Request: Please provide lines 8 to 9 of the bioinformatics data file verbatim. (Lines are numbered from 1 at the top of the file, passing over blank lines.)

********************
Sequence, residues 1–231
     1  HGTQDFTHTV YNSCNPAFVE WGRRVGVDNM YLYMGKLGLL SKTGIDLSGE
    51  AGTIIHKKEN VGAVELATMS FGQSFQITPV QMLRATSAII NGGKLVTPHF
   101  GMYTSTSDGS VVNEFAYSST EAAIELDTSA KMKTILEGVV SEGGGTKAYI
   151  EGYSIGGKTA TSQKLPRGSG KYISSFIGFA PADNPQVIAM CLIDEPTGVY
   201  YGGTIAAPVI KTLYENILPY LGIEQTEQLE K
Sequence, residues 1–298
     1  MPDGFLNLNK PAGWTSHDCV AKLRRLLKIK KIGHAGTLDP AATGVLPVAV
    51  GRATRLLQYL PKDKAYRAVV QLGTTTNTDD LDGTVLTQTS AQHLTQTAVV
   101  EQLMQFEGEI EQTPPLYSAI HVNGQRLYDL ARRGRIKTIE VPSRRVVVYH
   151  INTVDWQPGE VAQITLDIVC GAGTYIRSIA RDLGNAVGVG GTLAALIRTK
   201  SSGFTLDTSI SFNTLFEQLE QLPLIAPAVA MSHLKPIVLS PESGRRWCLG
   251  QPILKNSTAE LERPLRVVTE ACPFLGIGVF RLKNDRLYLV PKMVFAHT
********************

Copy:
     1  MPDGFLNLNK PAGWTSHDCV AKLRRLLKIK KIGHAGTLDP AATGVLPVAV
    51  GRATRLLQYL PKDKAYRAVV QLGTTTNTDD LDGTVLTQTS AQHLTQTAVV